Further developing the Australian high yield bond market, FIIG Securities in 2019 started the Solactive FIIG Australian High Yield and Non-Rated Bond TR Index. The index has generated strong returns since inception and highlights the value of a high yielding allocation in fixed income portfolios.
This document has been prepared by FIIG Investment Strategy Group. Opinions expressed may differ from those of FIIG Credit Research.
The Solactive FIIG Australian High Yield and Non-Rated TR Index (FIIG HY Index) is a rules-based, market value weighted index, which is unique in the Australian market for being the first of its kind. It is a benchmark that can be used to assess performance of AUD HY bond performance over a given period of time.
The index was officially launched on 1 August 2019, with data starting as far back as 2012.
Numerous HY indices exist in overseas fixed income markets, such as the US, however the sector remains in its infancy in Australia. To further improve transparency and develop the sector, the FIIG HY Index was developed.
A HY bond is a reference to a bond that is either not rated by a rating agency (I.e., S&P and Moody’s) or is assigned a sub-investment grade rating (i.e., a rating below BBB-).
In this article, we further discuss the FIIG HY Index and the improved returns an allocation to higher yielding bonds can provide.
The FIIG High Yield Index
Being a value weighted index, underlying bonds in the index are weighted according to their respective market value in proportion to the aggregate market value of the index.
The index has been developed in partnership with Solative AG, which is an innovative index provider that focuses on the development, calculation, and distribution of tailor-made indices across all asset classes. Solactive AG was established in 2007 and is headquartered in Frankfurt.
Similar to the ASX 200 or the Bloomberg AusBond Composite index, the FIIG HY Index is a benchmark index that can be used to track the performance of an asset class, in this case Australian HY bonds.
While the Australian iTraxx index focuses on credit spreads of the underlying constituents, the FIIG HY Index is a total return index that measures the price movement of the underlying bonds and assumes that all distributions are reinvested into the index.
The selection universe includes bonds domiciled in Australia with a minimum of AUD20m outstanding. It currently has 39 constituents across 31 issuers, with a duration of 1.51. The chart below shows the maturity and issuer breakdown.
Since inception on 31 December 2012, the FIIG HY Index has generated a cumulative return of 56.75% to 30 July 2021 or compound annual return of 5.36% over the same period.
This return also includes FY20, which saw credit spreads widen at the heights of the COVID-19 pandemic. Usually, during times of uncertainty and market wobbles, investors favour higher rated bonds over HY bonds, which are inherently riskier.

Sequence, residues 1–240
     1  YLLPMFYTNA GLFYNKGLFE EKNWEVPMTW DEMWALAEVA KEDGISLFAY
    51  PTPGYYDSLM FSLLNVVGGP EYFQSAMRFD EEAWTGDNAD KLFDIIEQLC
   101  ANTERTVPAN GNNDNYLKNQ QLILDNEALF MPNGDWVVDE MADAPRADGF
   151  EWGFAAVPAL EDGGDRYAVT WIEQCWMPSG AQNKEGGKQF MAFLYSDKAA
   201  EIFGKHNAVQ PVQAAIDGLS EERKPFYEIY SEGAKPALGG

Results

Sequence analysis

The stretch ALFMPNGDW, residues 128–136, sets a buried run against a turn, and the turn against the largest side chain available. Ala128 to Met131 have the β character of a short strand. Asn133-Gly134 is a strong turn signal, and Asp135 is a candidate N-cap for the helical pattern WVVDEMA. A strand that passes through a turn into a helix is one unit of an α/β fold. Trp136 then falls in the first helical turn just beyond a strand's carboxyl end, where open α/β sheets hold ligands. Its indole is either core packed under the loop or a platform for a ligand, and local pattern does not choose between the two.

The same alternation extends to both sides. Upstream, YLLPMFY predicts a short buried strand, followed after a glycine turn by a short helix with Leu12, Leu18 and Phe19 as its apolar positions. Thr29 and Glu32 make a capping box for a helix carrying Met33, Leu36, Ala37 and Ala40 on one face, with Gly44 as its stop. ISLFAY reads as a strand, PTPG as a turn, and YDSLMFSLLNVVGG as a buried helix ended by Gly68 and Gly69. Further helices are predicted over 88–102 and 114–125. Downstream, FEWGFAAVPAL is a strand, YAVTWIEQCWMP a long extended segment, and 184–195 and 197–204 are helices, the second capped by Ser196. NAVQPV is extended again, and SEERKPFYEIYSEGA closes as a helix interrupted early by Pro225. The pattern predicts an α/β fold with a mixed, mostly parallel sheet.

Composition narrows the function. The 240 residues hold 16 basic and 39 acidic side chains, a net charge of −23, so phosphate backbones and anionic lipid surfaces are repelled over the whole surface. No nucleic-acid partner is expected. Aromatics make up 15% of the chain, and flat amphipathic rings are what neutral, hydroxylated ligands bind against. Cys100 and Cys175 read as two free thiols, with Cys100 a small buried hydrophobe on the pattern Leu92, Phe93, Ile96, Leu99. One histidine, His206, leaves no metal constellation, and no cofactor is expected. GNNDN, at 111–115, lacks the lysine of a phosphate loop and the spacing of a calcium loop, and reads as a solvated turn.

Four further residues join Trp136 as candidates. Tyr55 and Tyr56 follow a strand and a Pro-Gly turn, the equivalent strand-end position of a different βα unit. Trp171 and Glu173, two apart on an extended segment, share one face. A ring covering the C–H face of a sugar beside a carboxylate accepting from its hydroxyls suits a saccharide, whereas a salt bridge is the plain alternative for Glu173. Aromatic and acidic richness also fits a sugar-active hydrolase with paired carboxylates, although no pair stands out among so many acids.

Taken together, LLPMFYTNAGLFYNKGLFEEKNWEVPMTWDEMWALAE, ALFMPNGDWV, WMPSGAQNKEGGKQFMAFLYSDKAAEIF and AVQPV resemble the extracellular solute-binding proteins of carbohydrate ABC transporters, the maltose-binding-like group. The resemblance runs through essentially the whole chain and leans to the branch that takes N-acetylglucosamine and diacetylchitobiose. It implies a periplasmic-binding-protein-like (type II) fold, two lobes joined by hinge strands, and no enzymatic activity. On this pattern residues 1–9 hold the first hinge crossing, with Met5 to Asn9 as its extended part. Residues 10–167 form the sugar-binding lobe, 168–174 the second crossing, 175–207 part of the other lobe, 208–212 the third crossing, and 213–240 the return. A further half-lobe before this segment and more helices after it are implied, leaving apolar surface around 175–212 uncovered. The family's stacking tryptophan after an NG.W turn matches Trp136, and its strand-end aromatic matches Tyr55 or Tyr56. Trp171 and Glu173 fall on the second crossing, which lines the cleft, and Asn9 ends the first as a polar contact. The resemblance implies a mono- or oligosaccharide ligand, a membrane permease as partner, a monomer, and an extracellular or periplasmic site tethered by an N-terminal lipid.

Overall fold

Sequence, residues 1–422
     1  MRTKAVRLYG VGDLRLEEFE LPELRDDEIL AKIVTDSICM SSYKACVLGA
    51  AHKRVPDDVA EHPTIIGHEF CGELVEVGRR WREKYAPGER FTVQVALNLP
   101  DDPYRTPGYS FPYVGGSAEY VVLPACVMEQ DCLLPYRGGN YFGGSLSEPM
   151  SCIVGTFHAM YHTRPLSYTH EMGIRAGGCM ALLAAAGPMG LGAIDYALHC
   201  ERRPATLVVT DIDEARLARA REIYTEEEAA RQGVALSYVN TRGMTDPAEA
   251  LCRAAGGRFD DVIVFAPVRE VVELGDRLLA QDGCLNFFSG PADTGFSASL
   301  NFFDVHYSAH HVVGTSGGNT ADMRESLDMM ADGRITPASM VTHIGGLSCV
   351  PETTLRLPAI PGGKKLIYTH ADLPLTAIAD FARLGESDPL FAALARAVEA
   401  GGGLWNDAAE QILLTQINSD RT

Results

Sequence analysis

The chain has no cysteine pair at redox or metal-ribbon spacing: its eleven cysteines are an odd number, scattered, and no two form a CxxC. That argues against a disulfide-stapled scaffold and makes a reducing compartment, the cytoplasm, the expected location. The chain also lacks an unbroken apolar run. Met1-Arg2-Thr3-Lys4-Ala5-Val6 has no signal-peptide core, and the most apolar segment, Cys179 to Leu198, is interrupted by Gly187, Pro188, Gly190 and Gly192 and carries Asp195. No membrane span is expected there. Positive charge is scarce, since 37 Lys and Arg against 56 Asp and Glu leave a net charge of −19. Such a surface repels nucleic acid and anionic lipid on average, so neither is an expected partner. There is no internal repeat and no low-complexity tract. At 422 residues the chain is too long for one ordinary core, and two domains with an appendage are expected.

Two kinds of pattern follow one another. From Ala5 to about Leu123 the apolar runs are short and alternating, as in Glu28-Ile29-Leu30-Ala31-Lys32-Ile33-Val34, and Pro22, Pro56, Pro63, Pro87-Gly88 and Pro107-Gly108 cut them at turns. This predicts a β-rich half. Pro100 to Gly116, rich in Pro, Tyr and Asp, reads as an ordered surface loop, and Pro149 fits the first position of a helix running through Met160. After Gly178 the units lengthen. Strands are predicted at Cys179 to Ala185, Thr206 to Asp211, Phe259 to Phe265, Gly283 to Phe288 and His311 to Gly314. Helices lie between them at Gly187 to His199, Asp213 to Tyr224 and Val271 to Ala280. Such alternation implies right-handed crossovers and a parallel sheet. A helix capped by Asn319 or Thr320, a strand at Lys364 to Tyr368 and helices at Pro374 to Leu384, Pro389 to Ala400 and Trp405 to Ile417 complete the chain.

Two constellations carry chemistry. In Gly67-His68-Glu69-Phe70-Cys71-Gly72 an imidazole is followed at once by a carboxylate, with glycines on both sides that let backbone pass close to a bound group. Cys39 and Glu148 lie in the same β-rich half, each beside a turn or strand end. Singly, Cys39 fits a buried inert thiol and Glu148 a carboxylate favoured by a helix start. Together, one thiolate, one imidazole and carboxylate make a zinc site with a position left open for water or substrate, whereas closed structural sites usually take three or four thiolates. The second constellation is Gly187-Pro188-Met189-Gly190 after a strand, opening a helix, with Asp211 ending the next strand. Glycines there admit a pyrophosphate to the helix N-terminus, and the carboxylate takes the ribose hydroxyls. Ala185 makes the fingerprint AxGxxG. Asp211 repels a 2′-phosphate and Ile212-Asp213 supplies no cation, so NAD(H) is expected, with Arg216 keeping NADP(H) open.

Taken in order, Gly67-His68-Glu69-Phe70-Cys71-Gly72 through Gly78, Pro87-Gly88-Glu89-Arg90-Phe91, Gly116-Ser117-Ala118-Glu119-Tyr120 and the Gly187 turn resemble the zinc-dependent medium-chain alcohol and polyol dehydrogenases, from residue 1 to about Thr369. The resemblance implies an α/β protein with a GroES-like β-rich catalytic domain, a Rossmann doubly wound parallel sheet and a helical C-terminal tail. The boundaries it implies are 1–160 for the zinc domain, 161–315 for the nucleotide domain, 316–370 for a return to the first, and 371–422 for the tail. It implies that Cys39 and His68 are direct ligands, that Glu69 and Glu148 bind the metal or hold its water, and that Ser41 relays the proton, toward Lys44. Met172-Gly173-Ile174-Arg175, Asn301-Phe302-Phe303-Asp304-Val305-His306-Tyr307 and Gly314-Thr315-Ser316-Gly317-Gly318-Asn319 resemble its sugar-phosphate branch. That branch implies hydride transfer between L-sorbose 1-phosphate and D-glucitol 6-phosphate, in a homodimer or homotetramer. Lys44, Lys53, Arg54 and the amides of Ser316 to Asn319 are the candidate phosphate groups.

The weaker performance during this period is shown below, where the FIIG HY Index fell sharply, however was followed by a trend higher as HY bonds included in the index quickly recovered in most cases.
To give context for this move in markets, the Australian Itraxx index, which tracks the performance of the top 25 investment grade bonds, widened to 186 points in mid-March 2020, from 69 points at the start of March 2020. The higher the credit quality of a bond, the less likely it is to experience credit spread widening (and price weakness) during times of uncertainty.
However, a benefit of including a HY exposure in portfolios is that the higher coupon received can assist to cushion any capital losses should an investor wish to sell, generally providing a strong total holding period return.
The table below highlights the returns the Index has generated, and despite a weaker annualised return of -0.48% captured during the peak of COVID-19, at three years the annualised return is 1.84% and further improves.
The past year has provided an annualised return of 6.24%, while it should be mentioned, some bonds included in the Index have lagged the recovery and are currently still trading at below par. These bonds include Lucas 2022 and Aviation Training Investments 2021.
While we believe a portfolio should be diversified with an allocation to investment grade bonds, the returns generated by the FIIG HY Index emphasis the improved returns that can be achieved through an allocation to HY bonds.
While exactly mirroring the index may be challenging for any individual investor given the supply and demand of all the constituents at any point in time, it is possible to replicate a significant part of it with portfolios of AUD250k (or more). The index demonstrates that significant diversification allows for the overall return of a portfolio to weather any temporary negative price movements or adverse credit events.
Click here to find out more about the Solactive FIIG High Yield and Non-Rated Index.